I’m looking for help in both pricing and planning for a stair wainscoting project. I already have job to do in an adjacent dining room and the customer wants me to add a foyer and stairs. I have done straight wianscoting, but not stairs. This will be true raised-panel painted work.
On pricing, I'm guessing the three angled sections, plus the one transitional straight section on stair landing, while far shorter in linear footage than a 16 x 12 dining room, will take more time both making and installing. I do have the luxury of laying out/templating the work right on the walls. But I will build full frame-and-panel assemblies (cope-and-stick) in the shop and prime before installing. Let's say I'm getting $6500 for a dining room (fully installed and painted); how much are the stairs worth? Are there any good references where I can see good design info on stair wainscoting work?
(Architectural Woodworking Forum)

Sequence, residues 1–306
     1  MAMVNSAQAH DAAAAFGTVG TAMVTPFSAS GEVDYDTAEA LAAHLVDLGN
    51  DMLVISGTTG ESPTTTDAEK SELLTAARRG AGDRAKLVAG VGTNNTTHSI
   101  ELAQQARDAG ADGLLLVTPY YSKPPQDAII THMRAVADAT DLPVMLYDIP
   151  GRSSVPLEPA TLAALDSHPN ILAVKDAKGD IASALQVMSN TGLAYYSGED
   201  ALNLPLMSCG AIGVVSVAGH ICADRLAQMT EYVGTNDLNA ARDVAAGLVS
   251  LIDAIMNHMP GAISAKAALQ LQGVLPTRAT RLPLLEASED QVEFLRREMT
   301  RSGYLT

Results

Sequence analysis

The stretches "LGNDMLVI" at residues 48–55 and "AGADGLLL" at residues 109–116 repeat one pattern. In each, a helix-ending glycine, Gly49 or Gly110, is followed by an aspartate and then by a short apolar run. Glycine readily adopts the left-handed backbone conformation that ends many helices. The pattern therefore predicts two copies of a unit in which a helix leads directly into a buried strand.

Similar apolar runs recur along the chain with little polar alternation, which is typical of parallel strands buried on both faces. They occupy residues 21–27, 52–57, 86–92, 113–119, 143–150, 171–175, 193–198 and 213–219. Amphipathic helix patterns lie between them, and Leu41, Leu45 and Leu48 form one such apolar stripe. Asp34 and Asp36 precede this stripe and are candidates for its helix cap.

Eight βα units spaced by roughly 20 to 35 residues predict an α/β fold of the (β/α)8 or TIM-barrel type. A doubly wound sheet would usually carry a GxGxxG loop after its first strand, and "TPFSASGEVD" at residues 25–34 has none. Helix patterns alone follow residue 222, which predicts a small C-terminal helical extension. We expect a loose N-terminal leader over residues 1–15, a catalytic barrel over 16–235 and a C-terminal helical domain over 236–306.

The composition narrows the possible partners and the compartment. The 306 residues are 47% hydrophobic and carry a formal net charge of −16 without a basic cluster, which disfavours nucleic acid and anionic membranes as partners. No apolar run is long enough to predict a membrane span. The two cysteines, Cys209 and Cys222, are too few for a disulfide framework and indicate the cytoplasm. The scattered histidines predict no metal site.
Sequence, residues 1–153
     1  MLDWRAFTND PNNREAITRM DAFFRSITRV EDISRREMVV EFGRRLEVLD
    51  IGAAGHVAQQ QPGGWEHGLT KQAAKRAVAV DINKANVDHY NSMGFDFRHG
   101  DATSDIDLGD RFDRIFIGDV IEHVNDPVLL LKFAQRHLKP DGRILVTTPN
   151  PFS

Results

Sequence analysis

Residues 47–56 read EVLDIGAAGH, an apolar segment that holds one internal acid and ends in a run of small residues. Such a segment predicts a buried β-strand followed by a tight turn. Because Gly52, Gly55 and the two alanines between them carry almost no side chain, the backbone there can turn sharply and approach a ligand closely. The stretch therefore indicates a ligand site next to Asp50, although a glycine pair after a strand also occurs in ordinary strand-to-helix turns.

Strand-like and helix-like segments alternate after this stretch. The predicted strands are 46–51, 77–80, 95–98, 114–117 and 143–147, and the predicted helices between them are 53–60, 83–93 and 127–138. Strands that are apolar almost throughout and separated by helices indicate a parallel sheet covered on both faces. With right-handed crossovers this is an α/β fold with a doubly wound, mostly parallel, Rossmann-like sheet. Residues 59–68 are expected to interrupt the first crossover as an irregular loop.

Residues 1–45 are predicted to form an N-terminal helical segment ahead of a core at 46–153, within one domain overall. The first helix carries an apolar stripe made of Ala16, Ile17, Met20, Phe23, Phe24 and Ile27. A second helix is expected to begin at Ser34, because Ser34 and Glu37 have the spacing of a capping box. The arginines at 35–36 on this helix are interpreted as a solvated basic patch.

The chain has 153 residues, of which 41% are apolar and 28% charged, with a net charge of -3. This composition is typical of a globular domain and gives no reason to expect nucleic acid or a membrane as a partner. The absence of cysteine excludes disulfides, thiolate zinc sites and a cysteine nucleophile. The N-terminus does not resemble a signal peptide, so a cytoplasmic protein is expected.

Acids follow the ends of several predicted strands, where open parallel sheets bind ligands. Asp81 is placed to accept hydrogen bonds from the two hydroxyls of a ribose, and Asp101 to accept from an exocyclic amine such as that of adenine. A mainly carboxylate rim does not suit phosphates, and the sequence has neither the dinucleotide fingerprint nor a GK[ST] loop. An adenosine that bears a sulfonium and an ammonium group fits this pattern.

From contributor J:
I'm an installer, so I can't help with much of what you need. But if this is going to be inspected, be sure your work does not narrow the clear area width of the stairs to less than code allows. Sometimes this comes home to bite.
We did the stairs the same way you "see" it. I made templates with wood strips and a hot melt glue gun. (just like the top shop) shop produced our sections to the templates and the install was a breeze. We went $75 ln/ft, did our own install and paint and broke even. We were way ( 50% - 75%) off.
1. Brush up with Pythagoras and A^2 + B^2 = C^2, you'll be using it every step of the way.
2. Determine the slope of your staircase from the stair stringer, not the treads and risers. The small measurements from the treads/risers eg. 8" rise, 10" run, do not provide the precision required for fabrication. Errors in slope determination will magnify on taller paneling. You'll need to be within +/- .2 degrees on 36" wains and even less with 42".
3. Be sure and take slope measurements from each of the individual flights within the stairwell. Separate flights may have different slopes and to use one slope for the entire job will lead to parts that don't fit.
4. Take note of the height of the plumb cuts on the stair stringer at the top and bottom of the section. If either of these measurements are > 0, you'll have to adjust the height of your paneling in one of the sections to accommodate the difference.